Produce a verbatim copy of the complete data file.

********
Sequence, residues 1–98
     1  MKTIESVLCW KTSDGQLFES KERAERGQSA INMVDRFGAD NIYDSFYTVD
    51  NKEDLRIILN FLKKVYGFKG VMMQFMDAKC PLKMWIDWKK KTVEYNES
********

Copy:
Sequence, residues 1–98
     1  MKTIESVLCW KTSDGQLFES KERAERGQSA INMVDRFGAD NIYDSFYTVD
    51  NKEDLRIILN FLKKVYGFKG VMMQFMDAKC PLKMWIDWKK KTVEYNES